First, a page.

Fasten your seatbelts: we’re in for a bumpy ride.
The dramatic fall in share prices over recent weeks has been contained, for the moment, by the intervention of the US Federal Reserve to cut the discount rate, the interest rate it charges banks.
The sudden recovery of global stock-markets was widely seen as the end of the crisis. But is it?
John Authers, investment editor of London’s Financial Times, noted: “Despite the Fed’s move, the loss of confidence in asset-backed loans and bonds appears greater than the loss of confidence in stocks in October 1987”, when an earlier crash occurred (Financial Times, August 20, 2007).
In any case, further losses are still expected to be reported in the subprime mortgage market. Paul Krugman, the noted US economist, said: “The housing slump will probably be with us for years, not months.”
How far the turmoil in stock and financial markets will go, is impossible to say.
Since the largest mortgage-lender in the United States, Countrywide Financial Corporation, announced that it was in trouble and has had to draw down a line of credit of $11.5 billion, the shock waves of the collapse of the US subprime lending market saw share prices go into freefall around the world.
In announcing its move to prop up the US stock market, the Fed Chairman, Ben Bernanke, indicated that the Fed would take further measures, if necessary, to stop the stock-market crash affecting the real economy. This was a dramatic reversal of previous policy.
An irony in the situation is that governments and economists who had long criticised government “interference” in the financial system were the first to applaud the central bank’s intervention.
For Australia, the effect of recent events extended beyond the stock-market into financial markets. As one of the most highly traded currencies in the world, the Australian dollar collapsed from a high of about 88 cents against the US dollar to 78 cents in just over a week, as currency traders fled the Australian currency in favour of more secure ones, like the Japanese Yen.
If these levels continue for any appreciable period, it will have significant effects on the Australian economy, in a number of ways.
The first impact is likely to be seen in domestic prices. Motor fuel, both petrol and diesel, is produced mainly from imported petroleum, at a cost of about $14 billion a year.
The effect of a 10 per cent fall in the Australian dollar will be a corresponding increase in the price of fuel, which will not only hit ordinary families directly, but will quickly flow into consumer prices, and push up the prices of imported goods, including cars, many foods and electronic goods.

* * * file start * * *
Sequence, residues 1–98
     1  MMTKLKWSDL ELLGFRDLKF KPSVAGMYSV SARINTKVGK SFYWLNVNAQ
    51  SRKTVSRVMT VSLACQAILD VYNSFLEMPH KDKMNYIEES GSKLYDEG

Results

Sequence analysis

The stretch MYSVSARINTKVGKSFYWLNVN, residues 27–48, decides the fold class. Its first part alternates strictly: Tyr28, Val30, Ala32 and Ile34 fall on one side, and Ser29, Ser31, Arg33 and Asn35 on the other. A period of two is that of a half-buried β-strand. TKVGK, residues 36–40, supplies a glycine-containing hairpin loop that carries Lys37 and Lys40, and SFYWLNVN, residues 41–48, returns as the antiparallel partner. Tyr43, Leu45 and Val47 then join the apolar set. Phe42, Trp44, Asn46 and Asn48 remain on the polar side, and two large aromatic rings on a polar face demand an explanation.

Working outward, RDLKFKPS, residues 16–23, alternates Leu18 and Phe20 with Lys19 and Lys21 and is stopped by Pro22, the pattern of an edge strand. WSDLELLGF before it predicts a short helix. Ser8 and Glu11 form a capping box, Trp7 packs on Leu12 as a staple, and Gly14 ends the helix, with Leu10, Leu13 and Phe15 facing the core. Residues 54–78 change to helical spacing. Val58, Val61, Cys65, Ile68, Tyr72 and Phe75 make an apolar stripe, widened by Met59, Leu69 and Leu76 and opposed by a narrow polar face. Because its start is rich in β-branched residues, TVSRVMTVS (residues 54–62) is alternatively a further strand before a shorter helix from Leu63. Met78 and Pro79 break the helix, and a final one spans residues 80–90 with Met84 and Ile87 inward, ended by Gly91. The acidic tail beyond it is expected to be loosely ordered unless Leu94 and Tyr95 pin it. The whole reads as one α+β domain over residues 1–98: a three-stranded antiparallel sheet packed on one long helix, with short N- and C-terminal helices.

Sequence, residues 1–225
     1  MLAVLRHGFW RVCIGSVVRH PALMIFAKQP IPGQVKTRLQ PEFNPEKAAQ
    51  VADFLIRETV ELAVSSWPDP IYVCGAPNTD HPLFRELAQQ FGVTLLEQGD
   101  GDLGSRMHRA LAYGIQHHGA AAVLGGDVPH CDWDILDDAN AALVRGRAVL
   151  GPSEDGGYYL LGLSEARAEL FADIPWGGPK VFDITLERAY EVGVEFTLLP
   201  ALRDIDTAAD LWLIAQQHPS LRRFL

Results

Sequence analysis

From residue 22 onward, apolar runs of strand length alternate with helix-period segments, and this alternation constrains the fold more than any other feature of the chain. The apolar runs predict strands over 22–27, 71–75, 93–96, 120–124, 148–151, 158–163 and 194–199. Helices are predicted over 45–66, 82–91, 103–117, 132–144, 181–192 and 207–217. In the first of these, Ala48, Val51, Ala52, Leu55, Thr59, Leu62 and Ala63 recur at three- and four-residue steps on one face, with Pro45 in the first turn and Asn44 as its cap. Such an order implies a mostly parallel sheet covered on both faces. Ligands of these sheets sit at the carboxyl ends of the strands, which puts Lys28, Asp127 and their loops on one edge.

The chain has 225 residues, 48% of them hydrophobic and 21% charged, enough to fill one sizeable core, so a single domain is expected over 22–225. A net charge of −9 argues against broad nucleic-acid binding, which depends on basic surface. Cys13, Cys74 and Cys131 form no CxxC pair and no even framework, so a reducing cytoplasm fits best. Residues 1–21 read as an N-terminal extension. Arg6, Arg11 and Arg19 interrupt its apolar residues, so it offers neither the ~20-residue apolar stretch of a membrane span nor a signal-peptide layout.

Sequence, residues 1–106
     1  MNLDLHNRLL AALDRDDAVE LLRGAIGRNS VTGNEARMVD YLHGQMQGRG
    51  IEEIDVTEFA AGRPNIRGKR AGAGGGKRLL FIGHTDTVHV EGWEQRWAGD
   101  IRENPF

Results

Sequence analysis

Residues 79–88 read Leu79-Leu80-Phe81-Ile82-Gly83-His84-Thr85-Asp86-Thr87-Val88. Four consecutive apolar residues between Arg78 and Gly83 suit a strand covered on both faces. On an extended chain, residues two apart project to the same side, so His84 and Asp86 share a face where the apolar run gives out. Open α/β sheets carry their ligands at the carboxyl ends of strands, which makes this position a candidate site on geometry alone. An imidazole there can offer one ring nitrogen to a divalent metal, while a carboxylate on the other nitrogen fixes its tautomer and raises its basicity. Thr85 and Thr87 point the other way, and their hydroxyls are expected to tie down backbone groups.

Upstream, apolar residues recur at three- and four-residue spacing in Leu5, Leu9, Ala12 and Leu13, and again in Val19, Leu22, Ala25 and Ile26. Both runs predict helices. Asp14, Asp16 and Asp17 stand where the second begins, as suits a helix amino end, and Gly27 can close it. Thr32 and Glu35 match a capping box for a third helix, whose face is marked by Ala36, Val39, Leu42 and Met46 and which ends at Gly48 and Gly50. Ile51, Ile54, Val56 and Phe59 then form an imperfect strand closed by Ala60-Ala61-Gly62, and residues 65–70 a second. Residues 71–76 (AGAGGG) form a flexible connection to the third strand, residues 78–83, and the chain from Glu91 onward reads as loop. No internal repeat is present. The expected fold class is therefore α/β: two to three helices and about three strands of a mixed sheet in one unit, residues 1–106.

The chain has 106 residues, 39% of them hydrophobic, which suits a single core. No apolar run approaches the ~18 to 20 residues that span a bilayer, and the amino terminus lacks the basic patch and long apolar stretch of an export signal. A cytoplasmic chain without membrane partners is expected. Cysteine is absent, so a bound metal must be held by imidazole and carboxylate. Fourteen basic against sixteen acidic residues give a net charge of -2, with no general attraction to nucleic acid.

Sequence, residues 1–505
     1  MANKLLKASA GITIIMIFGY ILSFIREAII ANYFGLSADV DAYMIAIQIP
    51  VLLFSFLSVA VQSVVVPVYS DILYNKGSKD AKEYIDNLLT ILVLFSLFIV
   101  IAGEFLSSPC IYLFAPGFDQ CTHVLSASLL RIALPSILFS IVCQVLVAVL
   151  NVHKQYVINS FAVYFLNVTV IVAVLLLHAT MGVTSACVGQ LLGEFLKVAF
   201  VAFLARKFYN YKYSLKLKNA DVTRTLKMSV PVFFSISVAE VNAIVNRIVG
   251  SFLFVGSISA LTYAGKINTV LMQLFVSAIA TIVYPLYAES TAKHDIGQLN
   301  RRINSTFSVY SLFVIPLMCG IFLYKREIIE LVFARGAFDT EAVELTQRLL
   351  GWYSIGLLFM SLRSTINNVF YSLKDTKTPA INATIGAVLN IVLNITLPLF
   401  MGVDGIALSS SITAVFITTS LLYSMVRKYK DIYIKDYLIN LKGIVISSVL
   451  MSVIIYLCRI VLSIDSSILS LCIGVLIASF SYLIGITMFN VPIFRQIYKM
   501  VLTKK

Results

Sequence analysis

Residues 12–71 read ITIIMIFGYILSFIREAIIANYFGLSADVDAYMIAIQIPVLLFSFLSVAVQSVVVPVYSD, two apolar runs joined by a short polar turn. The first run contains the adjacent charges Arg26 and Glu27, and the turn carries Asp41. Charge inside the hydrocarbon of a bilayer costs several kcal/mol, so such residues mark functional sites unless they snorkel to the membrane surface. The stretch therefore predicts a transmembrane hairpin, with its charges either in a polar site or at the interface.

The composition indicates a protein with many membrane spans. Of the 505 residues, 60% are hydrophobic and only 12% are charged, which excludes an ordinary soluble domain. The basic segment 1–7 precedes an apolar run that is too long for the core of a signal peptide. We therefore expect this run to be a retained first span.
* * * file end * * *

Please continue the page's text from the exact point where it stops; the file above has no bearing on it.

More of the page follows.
The effect on the domestic inflation rate will be almost immediate, adding pressure to the Reserve Bank to lift interest rates later in the year. If this were to happen, it would probably be a fatal blow to the Coalition Government’s prospects in the forthcoming federal election.
Already, the government’s economic credentials have been tarnished by five successive interest rate rises, following its promise, in the run-up to the last federal election, to hold down rates.
Separately, the sudden fall in the value of the Australian dollar will have immediate consequences for Australia’s foreign debt, which at last count was above $520 billion. Although much of the foreign debt is in Australian dollars, the balance will push up the foreign debt and associated interest payments.
In recent years, the Australian Government and Treasury dismissed concerns about the growth of the foreign debt, saying that as Commonwealth Government debt has fallen dramatically since 1996, the rise in the foreign debt was a matter between lenders and borrowers.
More recently, Canberra has tried unsuccessfully to blame the growth of state government debt for rising interest rates.
The dramatic fall in the value of the Australian dollar shows that lenders look at national debt levels, not just at government debt, nor at corporate balance sheets.
The drop in the US discount rate was not the only or even the most important element of the package of measures which stabilised the financial system. Before reducing the discount rate, the US Federal Reserve, the European Central Bank and the Bank of England collectively pumped $240 billion into the world’s financial system in a desperate attempt to halt the stock-market slide.
If that money remains in the system, it will eventually fuel inflationary pressures, threatening to end the period of low inflation, largely caused by low-cost Chinese manufactured goods flooding world markets since the 1990s.
On the other hand, if central banks maintain their anti-inflation policy and withdraw money from the system or raise interest rates, they could precipitate a recession. Fasten your seatbelt: we’re in for a bumpy ride.
– Peter Westmore is national president of the National Civic Council.